Lingerie began its modern inception as the frilly undergarment for the purposes of being appealing in the late 19th Century. Since then it has become a roughly $15 billion dollar industry. But why are corsets and lace panties such a touchy subject while also feeling like such a natural extension of femininity?

Many women share conflicting emotions when it comes to wearing and even buying lingerie. In the study “’You do act differently when you’re in it’: lingerie and femininity”, Rachel Wood conducted 16 in-depth interviews with a broad range of women concerning their thoughts on lingerie. Whilst there was never a homogeneous answer, the study exposed some of the excitement and insecurities that women feel when slipping into a pair of stockings.

Let’s start with one of the deepest questions. Why does one wear lingerie? Is it for their lover or for themselves? Many women feel unsure as to what the “point” of lingerie is supposed to be. Some argue that they experience a newfound confidence from putting on a show. Others note that they’re aiming to arouse the roaring desire from their partner. It seems it could be a little of both. Many women claimed that they experienced a thrill from just the thought and preparation that went into looking different (a testament to foreplay!). Others seemed nervous about the idea of being judged in a single “wow” moment that came with their big reveal. Although all the answers come in a spectrum, generally it feels as though there are two separate camps.

From a birds eye view, we can see lingerie as a way for a woman to leave her comfort zone and become something different. One of the most profound quotes from the study was about how, “Bodies then can be thought not as objects, upon which culture writes meanings, but as events that are continually in the process of becoming”. This notion of the body being an event is interesting. It makes the idea of wearing lingerie less of a game of dress up and more of an experience of the body itself. All clothing can be thought of this way but lingerie is explicitly sexual. The intricate outfits and eye-catching straps are intended to exemplify the body underneath. After their big reveal, many women said they had to keep their partner from tearing their outfit off in order to get their “moneys worth”. It’s not about you in the outfit, it’s about you.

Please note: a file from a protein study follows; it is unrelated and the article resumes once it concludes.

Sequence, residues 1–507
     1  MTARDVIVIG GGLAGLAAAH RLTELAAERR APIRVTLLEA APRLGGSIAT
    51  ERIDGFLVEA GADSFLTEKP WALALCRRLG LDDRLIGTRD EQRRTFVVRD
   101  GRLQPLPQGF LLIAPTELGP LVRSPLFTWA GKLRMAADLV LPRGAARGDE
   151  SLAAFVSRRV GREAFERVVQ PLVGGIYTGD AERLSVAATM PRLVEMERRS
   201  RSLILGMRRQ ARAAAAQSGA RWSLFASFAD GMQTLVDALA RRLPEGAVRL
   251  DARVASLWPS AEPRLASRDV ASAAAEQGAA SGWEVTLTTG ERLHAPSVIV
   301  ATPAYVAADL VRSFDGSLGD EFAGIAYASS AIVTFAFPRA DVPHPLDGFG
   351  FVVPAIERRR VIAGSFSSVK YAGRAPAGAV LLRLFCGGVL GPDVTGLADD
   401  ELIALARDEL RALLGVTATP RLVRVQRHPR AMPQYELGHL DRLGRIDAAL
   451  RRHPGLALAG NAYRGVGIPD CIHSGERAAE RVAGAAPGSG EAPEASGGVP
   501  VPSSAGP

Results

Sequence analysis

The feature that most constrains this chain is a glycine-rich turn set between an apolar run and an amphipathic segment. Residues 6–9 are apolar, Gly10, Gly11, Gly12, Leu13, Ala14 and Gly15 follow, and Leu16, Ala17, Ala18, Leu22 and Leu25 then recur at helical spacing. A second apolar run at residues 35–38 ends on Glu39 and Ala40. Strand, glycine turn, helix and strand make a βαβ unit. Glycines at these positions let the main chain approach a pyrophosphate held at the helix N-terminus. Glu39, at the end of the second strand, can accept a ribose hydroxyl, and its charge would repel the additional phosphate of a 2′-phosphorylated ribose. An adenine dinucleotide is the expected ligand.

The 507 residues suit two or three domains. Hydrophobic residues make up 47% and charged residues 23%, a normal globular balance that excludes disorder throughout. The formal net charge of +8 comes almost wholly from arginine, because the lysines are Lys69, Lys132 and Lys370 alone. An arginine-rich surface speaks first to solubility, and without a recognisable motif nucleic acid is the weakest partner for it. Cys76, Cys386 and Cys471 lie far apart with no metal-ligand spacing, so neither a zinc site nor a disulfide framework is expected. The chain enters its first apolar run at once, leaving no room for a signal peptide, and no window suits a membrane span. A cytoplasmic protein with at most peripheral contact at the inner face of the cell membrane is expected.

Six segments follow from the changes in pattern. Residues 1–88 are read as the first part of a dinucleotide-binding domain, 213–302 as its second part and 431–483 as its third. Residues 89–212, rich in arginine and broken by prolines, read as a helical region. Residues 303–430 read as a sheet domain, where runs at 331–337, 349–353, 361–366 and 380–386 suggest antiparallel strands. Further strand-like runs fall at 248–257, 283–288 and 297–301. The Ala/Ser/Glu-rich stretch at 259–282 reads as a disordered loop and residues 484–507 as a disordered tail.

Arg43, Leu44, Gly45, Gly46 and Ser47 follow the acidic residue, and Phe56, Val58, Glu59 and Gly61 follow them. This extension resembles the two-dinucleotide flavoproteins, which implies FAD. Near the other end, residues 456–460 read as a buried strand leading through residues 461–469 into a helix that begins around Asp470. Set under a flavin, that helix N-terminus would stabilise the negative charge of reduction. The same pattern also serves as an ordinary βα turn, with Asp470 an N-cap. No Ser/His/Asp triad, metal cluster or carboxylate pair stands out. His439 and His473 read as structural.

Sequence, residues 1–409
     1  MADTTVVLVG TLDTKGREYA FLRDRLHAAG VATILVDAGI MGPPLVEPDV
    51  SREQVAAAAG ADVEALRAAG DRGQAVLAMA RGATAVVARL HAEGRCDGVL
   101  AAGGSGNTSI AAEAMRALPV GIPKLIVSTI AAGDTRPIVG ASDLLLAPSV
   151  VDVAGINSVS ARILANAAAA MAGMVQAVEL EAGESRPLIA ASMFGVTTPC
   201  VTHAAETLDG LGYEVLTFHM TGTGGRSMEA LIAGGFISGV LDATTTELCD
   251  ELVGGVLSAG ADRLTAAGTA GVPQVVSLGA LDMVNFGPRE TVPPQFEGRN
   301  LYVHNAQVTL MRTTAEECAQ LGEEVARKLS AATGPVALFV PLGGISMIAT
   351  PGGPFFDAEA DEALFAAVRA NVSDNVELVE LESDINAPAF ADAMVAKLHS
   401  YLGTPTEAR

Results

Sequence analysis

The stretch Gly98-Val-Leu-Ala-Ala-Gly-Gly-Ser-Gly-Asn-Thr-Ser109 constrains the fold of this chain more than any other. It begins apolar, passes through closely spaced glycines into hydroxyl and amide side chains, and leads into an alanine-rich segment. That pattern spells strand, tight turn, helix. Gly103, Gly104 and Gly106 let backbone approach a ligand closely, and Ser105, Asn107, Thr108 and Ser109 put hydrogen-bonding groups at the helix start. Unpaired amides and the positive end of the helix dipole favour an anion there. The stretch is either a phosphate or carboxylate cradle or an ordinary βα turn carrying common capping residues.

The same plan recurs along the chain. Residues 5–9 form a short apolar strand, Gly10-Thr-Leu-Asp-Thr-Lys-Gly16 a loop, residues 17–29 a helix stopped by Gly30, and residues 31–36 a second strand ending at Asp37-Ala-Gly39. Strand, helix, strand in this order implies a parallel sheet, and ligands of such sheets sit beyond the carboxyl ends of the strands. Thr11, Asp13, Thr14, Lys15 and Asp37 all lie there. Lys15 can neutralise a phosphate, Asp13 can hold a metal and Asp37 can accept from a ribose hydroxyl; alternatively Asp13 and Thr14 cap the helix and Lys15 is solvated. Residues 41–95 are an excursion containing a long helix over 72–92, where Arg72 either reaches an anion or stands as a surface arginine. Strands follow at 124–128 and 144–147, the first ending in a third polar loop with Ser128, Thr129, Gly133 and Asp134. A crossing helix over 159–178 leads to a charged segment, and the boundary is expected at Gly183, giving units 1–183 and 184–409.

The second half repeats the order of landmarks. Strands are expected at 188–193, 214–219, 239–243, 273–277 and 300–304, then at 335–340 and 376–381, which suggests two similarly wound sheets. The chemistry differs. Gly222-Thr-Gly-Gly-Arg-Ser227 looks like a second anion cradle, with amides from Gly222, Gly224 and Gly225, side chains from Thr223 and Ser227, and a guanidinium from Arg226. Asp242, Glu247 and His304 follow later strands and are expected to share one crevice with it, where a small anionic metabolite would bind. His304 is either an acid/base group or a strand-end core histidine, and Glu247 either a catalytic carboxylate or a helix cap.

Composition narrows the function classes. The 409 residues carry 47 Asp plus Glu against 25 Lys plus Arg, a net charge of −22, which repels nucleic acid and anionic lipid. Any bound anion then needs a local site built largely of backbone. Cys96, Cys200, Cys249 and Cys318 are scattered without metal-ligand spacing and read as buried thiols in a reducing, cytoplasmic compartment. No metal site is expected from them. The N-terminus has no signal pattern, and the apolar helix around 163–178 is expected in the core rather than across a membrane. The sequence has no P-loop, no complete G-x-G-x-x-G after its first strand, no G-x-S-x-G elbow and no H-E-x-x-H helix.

Regardless of a woman’s personal feelings on lingerie there is no doubt a cultural stigma that exists around buying it. When the women in the study were asked what they were looking for in lingerie, often the only requirement was that it was, “nice”. Stereotypical “stripper outfits” were often thrown out as options (not that there’s anything wrong with roleplay). I think that this outlines the sort of “all seeing eye” we can feel from our culture on the expression of a woman’s body. We want to be tasteful but at the same time we don’t want to feel confined. Going to a boutique and speaking to an employee can be intimidating in such a sensitive process. This could be why online lingerie stores such as Yandy are seeing a boom. It’s interesting to see how the more private matter of wearing lingerie has this almost necessary public aspect in buying it that deters some women. No comments really, just some food for thought.

It still feels as though we haven’t reached anything conclusive. Lingerie remains mysterious. It’s no wonder though, it’s an expression of sexuality. If sex itself were simple to understand then it wouldn’t be so desirable. It’s the tension and uncertainty that makes it exciting. It’s the difference between eating plain yogurt and eating red velvet cake. One is rich and complex and the other is…yogurt. Lingerie evokes emotion and directly addresses identity and the body while remaining passive. It’s a form of self-expression that can be seen to break new boundaries for women. It’s ok if you wear it and it’s ok if you don’t. Some people like certain pairs of jeans. It’s a continued discussion in displays of sexuality for women and it won’t go away anytime soon.

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Raelynne Larson is a recent Psychology grad from Arizona. She loves to write and is fascinated by the worlds of self-representation, symbolism, and fashion.


  1. I’m definitely a vintage collector. I have a wardrobe of core basics that I like to spice up with different colors, new accessories, and I love to try on new things to invite something different. I find, with every new stage of my life, my self-image shifts with new duties and responsibilities, and so does my fashion style. If taking one-self seriously as a woman means committing to a life of grooming, pumicing, pruning and polishing one’s exterior for the benefit of onlookers, then I may as well leave my unwieldy rucksack to the top of a bleak Scottish hill and make my home there under a stone, where I’ll fashion shoes out of mud and clothes out of leaves. I need some informative information about how to solve women waistline problem. Here you collect that information:

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